Also, remember that once you start staining, there’s no going back. Once you’ve applied one layer of stain, there isn’t much point in starting over with a new finish because it won’t look very different from what you already have.
So think long and hard about how many coats you want to apply. And remember: The darker the stain, the harder it will be to cover up later! Consult an expert if you need advice on which type of stain is best for your project. Stains come in dozens of colors and finish, so knowing which kind works best can save you time down the road.
Stain compatibility with other finishes
Stains are commonly used in conjunction with other finishes, requiring the application of a topcoat. Additionally, certain wood types may necessitate the use of a sealer or conditioner coat prior to staining. Understanding the compatibility between stains and finishes is crucial for achieving successful staining results. This is especially important when applying finishes through brushing or rubbing techniques.
Sealers are utilized to prepare the wood surface for staining by filling pores and creating a smooth, uniform substrate. In most cases, stains can be applied over a sealer, but it is crucial to use compatible products. Water-based stains can be applied over fully cured water-based sealers, while oil-based stains are suitable for use over oil-based or solvent-based sealers.
See: Can you stain over sanding sealer
The key to assessing stain and finish compatibility lies in understanding the solvent or thinner used in each product. If both the stain and finish utilize water, alcohol, or lacquer thinner as solvents, compatibility issues are likely to arise.
However, if either the stain or finish employs mineral spirits as a thinner, compatibility problems are unlikely, except when coating over an oil-soluble dye with oil or varnish. This is because a dye dissolved in a solvent is redissolved by a finish containing the same solvent.
Water-based finishes redissolve water and non-grain-raising (NGR) dyes, while shellac redissolves alcohol dye, and oil varnish and lacquer redissolve oil dye. Water-based stains’ binder can be redissolved by glycol ether or lacquer thinner. Water-based finishes contain glycol ether, and lacquer contains lacquer thinner.
Generally, if you spray either of these finishes over a water-based stain, you won’t encounter any problems. However, if you wipe or brush water-based or lacquer finish over water-based stains, the binder may dissolve, and the cloth or brush could lift some of the pigment.
Common staining problems and how to fix them
The stain didn’t give you the color implied by the name on the can.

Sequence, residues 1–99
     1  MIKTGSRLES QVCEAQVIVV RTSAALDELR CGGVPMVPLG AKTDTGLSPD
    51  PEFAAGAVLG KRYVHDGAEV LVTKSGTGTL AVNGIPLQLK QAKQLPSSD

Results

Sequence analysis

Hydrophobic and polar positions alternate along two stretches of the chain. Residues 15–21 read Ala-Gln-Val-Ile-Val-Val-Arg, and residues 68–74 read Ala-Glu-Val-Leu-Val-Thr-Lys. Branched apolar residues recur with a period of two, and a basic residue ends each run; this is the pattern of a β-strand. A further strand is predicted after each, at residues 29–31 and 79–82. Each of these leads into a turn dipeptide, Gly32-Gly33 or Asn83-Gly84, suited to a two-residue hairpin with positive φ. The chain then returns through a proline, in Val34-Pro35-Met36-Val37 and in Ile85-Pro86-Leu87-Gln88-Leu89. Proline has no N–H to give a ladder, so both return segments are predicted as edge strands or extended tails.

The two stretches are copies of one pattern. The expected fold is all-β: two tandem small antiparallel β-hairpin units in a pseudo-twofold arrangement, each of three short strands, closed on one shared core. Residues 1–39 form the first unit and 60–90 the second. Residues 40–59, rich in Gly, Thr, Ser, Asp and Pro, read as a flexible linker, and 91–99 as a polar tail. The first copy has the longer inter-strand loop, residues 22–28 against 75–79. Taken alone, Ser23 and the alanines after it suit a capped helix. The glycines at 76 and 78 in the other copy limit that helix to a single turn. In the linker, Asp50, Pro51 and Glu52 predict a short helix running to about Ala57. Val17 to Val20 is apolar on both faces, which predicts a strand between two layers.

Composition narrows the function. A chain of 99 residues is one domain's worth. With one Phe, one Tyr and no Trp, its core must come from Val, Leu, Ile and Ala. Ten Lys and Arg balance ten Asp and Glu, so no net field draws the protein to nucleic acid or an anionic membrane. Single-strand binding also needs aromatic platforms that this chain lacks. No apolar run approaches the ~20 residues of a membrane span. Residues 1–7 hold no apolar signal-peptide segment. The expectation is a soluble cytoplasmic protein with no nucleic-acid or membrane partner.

- Problem: The name of the color on the can is a manufacturer’s interpretation; actual colors will vary.
- Cause: Different wood and application methods can affect the color outcome.
- Solution: Test the color on scrap wood before applying it to your project. Remove as much of the color as you can with the appropriate solvent or lacquer thinner, then restain with a color that will give you the desired result.
The stain highlighted washboard-like mill marks and tear-outs that you had not noticed before.
- Problem: The stain penetrates unevenly into mill marks.
- Cause: Mill marks were not planed, scraped, or sanded out before applying the stain.
- Solution: Resand and restain, focusing on removing or minimizing the mill marks. It’s not necessary to remove all of the colors before restaining.
The color came out differently from that of the store sample.
- Problem: The store sample may not match the wood you’re staining in terms of species, color, texture, density, or grain pattern.
- Cause: Different pieces of wood can have variations in color and appearance.
- Solution: Adjust the color of the stain to achieve the desired result. Test the stain on a scrap piece of wood first. You can adjust the color by adding compatible pigment or dye colorants and thinning with the appropriate thinner.
The color came out unevenly on doors, drawers, and other parts of the same furniture or set of cabinets.
- Problem: Different pieces of wood can have different colors, textures, densities, or grain patterns.
- Cause: The variations in wood characteristics result in uneven staining.
- Solution: If the problem is different-colored wood, refer to the previous solutions. If the problem is due to texture, density, or grain pattern differences, painting the wood or applying a faux grain may be necessary.
Stains can also appear differently on solid wood and veneer.
- Problem: Solid wood and veneer may take stains differently, leading to uneven coloring.
- Cause: Variations in wood composition affect stain absorption.
- Solution: Adjust the color on the lighter parts to match the darker parts. Applying a washcoat under the stain can help achieve more even coloring.
The end grain became too dark.
- Problem: The rough end grain absorbs more stain, resulting in a darker appearance.
- Cause: Insufficient sanding or preparation of the end grain before staining.
- Solution: Sand the end grain better before applying the stain, use a washcoat to stiffen the wood fibers and improve sanding effectiveness, or spray the stain and leave it.
The stain bled into the finish, showing up as small spots of color over some of the pores.
- Problem: The finish solvent dissolves the binder in the stain or puts the dye back into the solution.
- Cause: Incompatibility between the stain and the finish.
- Solution: Strip off the finish and restain. Use a different, non-interfering finish or apply a barrier coat of shellac before applying the final finish.
The stain didn’t dry.
- Problem: Oily woods or thick applications of oil-based stain can inhibit drying.
- Cause: The wood’s natural oils or excessive stain thickness interfere with drying.
- Solution: Wash off some of the stain with naphtha, acetone, or lacquer thinner, then restain after the solvent evaporates. The solvent should remove the oil from the surface, allowing the stain to dry.
The wood feels rough or fuzzy after you applied the stain.
- Problem: The stain contains water, causing the grain to raise slightly.
- Cause: Water-based stains or certain dyes can raise the grain.
- Solution: Lightly sand off the raised grain with used
Key takeaways: Wood Stains
- Wood stains can enhance the appearance of wood surfaces by adding depth, vibrancy, and protection against the elements.
- There are two main types of stains: penetrating and surface stains, each with its own characteristics.
- Stains are available in oil-based and water-based formulas, offering different drying times and cleanup requirements.
- Understanding stain compatibility with other finishes is crucial for achieving successful staining results.
- Knowing how to apply stains correctly, test colors, and address common staining problems can help you achieve desired results.